PM's referendum comments unwise and manipulative

John Key's decision to speak out against MMP smells of partisan greed and hubris. It also raises questions for women, Asian and Pasifika voters and about what his tactics have been all along

I was staggered to hear on television Prime Minister John Key say that although he was "not entirely unhappy" with MMP, he intended to vote for change. The PM said while he likes proportionality, he "slightly prefers the characteristics of Supplementary Member (SM)". Those two latter statements are mutually exclusive of course, because SM is not classed as a proportional representation electoral system. The Prime Minister cannot have it both ways. 

Key, up until these public comments, had possessed the previously good instinct to stay out of the referendum debate. He is, after all, the incumbent Prime Minister and he only has to look at Jim Bolger’s clumsiness back in the early 1990s – which hurt both Bolger’s standing and the status quo cause when he opined about keeping First-Past-the-Post – to reflect upon the good sense of choosing to speak out now, this close to the election.

Key has also now opened himself up to scrutiny about his reasoning and his motivations. Which characteristics of SM does he prefer? Is it the characteristic which sees SM reduce the equality (and thus fairness) of every New Zealanders vote? Is that what he likes? Is it SM’s inability viz-a-viz MMP to promote the effective representation of women? Is that what he prefers? Is it SM’s inability when compared to MMP to provide effective representation for minorities? Does he like this characteristic of SM best?

Given that every political scientist I know accepts as a matter of solid fact that when compared to MMP the alternative Supplementary Member system cannot be described as a proportional representation system, let alone "a happy middle ground between MMP and FPP", it is now clear that our incumbent Prime Minister prefers a system whose characteristics will significantly make our votes less equal. We have a Prime Minister who wishes to vote to turn back progress for women participating in parliamentary politics, and a Prime Minister who in defiance of our dramatically changing demographics prefers not to facilitate Asian New Zealanders, Pacifika New Zealanders, or other ethnic Kiwis participating in their own democracy.

Supplementary Member cannot achieve any of these in the way that MMP has already proved it can, which is one reason why it was rejected by the Royal Commission in favour of MMP back in 1986. 

We now have a Prime Minister, amidst the tumult of global economic uncertainty and accentuated political instability, asking New Zealanders to make a second hugely significant change to its electoral system within a generation. It won’t be Key accepting responsibility in the decades to come if we then clamour for a third or fourth change to our electoral system, which is easily predicted if we turn our backs on MMP and return to a system that isn’t proportional. Our demographics would almost certainly guarantee it, but wherever Key will be then it won’t be his responsibility, will it? 

Those who supported Key’s centrist and ‘balanced’ approach to politics might now pause to reflect about his motivations for publicly promoting the choice of one electoral system over another. For make no mistake, National would be massively advantaged by SM. Has it always been Key’s intention to intervene in such an overtly partisan fashion?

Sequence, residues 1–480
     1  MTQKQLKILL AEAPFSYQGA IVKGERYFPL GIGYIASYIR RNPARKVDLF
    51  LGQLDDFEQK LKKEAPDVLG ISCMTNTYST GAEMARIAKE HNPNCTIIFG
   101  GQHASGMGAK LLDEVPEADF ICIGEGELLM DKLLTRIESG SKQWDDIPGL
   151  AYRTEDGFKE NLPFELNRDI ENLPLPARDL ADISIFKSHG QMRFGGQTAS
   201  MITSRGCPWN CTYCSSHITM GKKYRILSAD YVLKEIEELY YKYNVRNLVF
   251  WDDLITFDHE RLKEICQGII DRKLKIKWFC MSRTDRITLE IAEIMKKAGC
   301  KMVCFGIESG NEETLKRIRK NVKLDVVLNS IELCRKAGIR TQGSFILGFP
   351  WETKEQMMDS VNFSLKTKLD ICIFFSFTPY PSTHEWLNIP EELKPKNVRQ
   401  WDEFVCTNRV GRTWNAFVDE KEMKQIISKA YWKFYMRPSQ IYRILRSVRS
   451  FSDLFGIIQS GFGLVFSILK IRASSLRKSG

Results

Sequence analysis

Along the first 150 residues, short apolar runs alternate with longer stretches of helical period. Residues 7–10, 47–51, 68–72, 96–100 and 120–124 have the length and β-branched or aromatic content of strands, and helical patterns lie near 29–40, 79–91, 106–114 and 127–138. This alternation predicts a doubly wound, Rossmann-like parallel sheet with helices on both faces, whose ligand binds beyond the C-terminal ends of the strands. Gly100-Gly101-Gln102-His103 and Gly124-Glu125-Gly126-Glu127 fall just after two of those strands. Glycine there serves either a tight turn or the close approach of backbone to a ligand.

Certainly, back in February 2009, when Peter Shirtcliffe (who established the Vote for Change campaign) met Key’s Chief-of-Staff Wayne Eagleson, there was a shared understanding that ‘The PM is keen on the SM option.’ Alas, Prime Ministerial gravitas and standing has given way to partisan greed, which is not a good look in our moderate, so-called non-political Prime Minister.

If I was a woman I’d be very unhappy that my Prime Minister, one who has seemed to make MMP work rather effortlessly, has decided to favour an electoral system that will make it harder for me or my daughters or grand-daughters to pursue a political career. If I was an Asian or Pacifika Kiwi I’d be concerned that the Prime Minister wants to limit my and my children’s ambitions in the expansion of his own.

I am also, apart from being a political scientist, an ordinary citizen and I am appalled my Prime Minister supports a system that will make my vote less equal than it is now under MMP.

Prime Minister Key, whose ‘trust’ from voters is showing signs of morphing from a core strength to an emerging weakness – with Fairfax polling revealing that Key is regarded as being more slippery with the truth than any of his political opponents – should be concerned that his enthusiasm to manipulate the referendum result might have a cascade effect on his own levels of trust, on his popularity and on levels of National Party support, especially so soon after his decision to tell Epsom voters to do ‘not what I do but what I say’ in relation to voting for Goldsmith or Banks.

The same sort of hubris that can trigger a full court press from Steven Joyce to protect Key’s supposedly mundane and non-controversial ‘private’ discussion with John Key at their tea party express last Friday is also on display here.

With less than two weeks to go Key has suddenly decided to use his current popularity to advance the cause of SM, or ‘FPP with lipstick’ as any who understand the essential ‘characteristics’ of SM label it.

Key’s political risk is significant here. I cannot think of another issue that can so quickly reduce him to looking like merely another grubby self-interested politician than seeking to manipulate voters over the referendum. It’s not a good look – it’s as non-prime ministerial as it is party partisan – and if others view him and his poorly thought-through actions similarly, and stripped of his brand strength, what then really is there left?